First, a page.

Yes, there are occasionally still funny episodes – I watched a good one about Christmas being cancelled while flying home from the USA last year – but mostly those episodes are few and far between. Like the Simpsons, there was a water-shed moment for me where I found an episode so bad that I just stopped watching. In this case it was an episode where Meg is sent to prison and comes out a violent lesbian. That was just crude and unfunny.
But crude and unfunny is what Family Guy has generally become. When the show isn’t being vulgar (for example, there’s an episode Stewie – who has changed from being a matricidal super-genius into a rather perverted and repressed homosexual – makes Brian eat the contents of his nappy) it seems to exist to allow Seth MacFarlane to stroke his own ego and sing a variety of songs.
Let Family Guy Go. Leave the memories alone.
6. Prison Break
Season 1 of Prison Break is about a group of people planning and escaping from Prison. It was superb.
Season 2 of Prison Break is about them being on the run from the law. It was a natural follow-up to Season 1 and it too is superb.
Watch this show, but skip Season 3
Season 3 of Prison Break is about the same group of people planning and escaping from another Prison. Wait…what?
That’s right. In an attempt to keep Prison Break going, most of the original cast end up back in prison and have to escape again. It just didn’t work. It was ridiculous. If that was the best they could come up with they should have just left it with what would have been its natural conclusion at the end of the second Season.
What’s different about this show to the others I’ve nominated though is that against all the odds, they managed to turn it around in the fourth season by changing the format. It was silly but it was exciting.
But wait…they couldn’t leave it there either. They had to release one final TV Movie called ‘The Final Break’, which was also rotten.
So, if you want to watch Prison Break, by all means do it, but skip Season 3 – they just end up hitting the reset switch in the first episode of Season 4 anyway.
The problem with 24 was the insistence on sticking to the 24 hour formula.
It worked once, twice, maybe three or four times.
If only it adapted the formula...but then it wouldn't be 24
But eventually the show was becoming ridiculous, with Nuclear bombs going off at 3pm and being forgotten about by about 6pm the same day, because the plot had moved on.
If they had changed the format of the show and just turned it into the adventures of Jack Bauer and CTU it would have been fine, but it just became implausible and repetitive, and that’s what eventually did for it.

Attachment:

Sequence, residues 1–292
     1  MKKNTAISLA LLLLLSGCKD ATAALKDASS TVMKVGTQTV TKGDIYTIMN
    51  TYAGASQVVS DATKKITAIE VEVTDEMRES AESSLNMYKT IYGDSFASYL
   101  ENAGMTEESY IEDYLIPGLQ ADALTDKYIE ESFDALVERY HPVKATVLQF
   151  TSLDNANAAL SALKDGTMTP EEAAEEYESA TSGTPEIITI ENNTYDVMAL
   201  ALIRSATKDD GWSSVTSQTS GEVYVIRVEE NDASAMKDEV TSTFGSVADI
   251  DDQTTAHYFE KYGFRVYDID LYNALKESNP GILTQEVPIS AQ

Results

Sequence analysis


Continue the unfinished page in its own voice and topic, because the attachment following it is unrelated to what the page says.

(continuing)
Sometimes shows end badly through no fault of their own.
Any reader of this article might be expecting me to induct Aliasinto it. Alias was five seasons in length and had one central storyline throughout seasons 1-4 that was nicely wrapped up with the intention of moving the show in a
Desperately disappointing Final Season
different direction from the next season onwards.
But the problem was that the new direction didn’t work so well and thus – given notice of its upcoming cancellation – the show-runners reignited the previous story arc to give the show that one last hurrah.
I forgive Alias for that. The ending was unsatisfying and with hindsight the show should have ended the previous year, but they didn’t know it was going to be cancelled.
Chuck is a different story. The writers of Chuck finished the penultimate season knowing there would only be 13 episodes left the next year.
And yet they did the same thing as Alias. They completed a show long story arc at the end of Season 4 and then knowingly hit the reset switch anyway.
The final season of Chuck – which I watched after I wrote the article about Under-Appreciated TV Shows – was hugely disappointing and ended with a whimper.
They could and should have finished it last year.
9. My Family
When the cast refuse to perform a script because it’s so bad, you know you’ve gone on too long.
If the Simpsons is the Grandfather of all shows that exceeded their natural lifespan, then its immediate heir is Lost.
Lost started off so well, it really did, but I can’t even begin to explain what happened towards the end.
What started off as a show about plane crash survivors stranded on a desert island eventually became a show about a 1970s technological initiative, two figures representing the lightness and dark of the universe and the fact that they were all dead anyway…I think. Really, I’m not even sure what happens towards the end because by the time Jim Robinson and his crack squad of commandos turned up, a group of people who hadn’t even been in the plane crash go back in time to stop a bomb going off or something, and a magic cupboard that could make all your dreams come true was written into the plot, I had just given up.
Towards the end, I was in the room while Lost was on, but I just wasn’t taking it in. Like almost everyone else I felt as though I had to see it through, otherwise many hours of my life would count for nothing. There had to be a satisfactory ending…and there wasn’t.
It started out so well...
Lost become lost up its own arse, pardon the pun. It had continuity errors running through it like a vicious form of cancer. They kept sacking members of staff because they kept getting pissed while on their little paid vacation in Hawaii. They kept adding more and more cast members to replace the ones they’d sacked. And they also kept bringing back people who they’d already killed off because they realised they shouldn’t have done it in the first place.
It didn’t make sense. It couldn’t make sense. There was no pay-off to it.
If I recall correctly, the big problem came down to them announcing that the show would go on for a specific amount of time and then not really having enough plot or creativity to see it through.
The sad thing about it is that some people will defend Lost and try to claim that everything about it was written for a reason and that it all makes some sense. Well among the many issues, I need someone to explain what the pay-off was to Libby being in the same mental institution as Hurley. And that’s just one issue of about 1001 others.
You know a show has managed to cock things up when the disappointing ending is mentioned in other TV shows, as Lost was in the Big Bang Theory recently.
Even the writers know they messed up, as they debuted a ‘deleted scene’ at Comic-Con which was both apologetic and self-deprecating, basically admitting they made the show difficult to follow.
When should Lost have finished? Probably after Season 2, but like so many of these shows the problem is that the networks want to keep them on the air and the writers are too content making their money
One TV Show That Shouldn’t Have Even Started – The Royal Bodyguard
Please David Jason, just bloody well retire. You’re embarrassing yourself.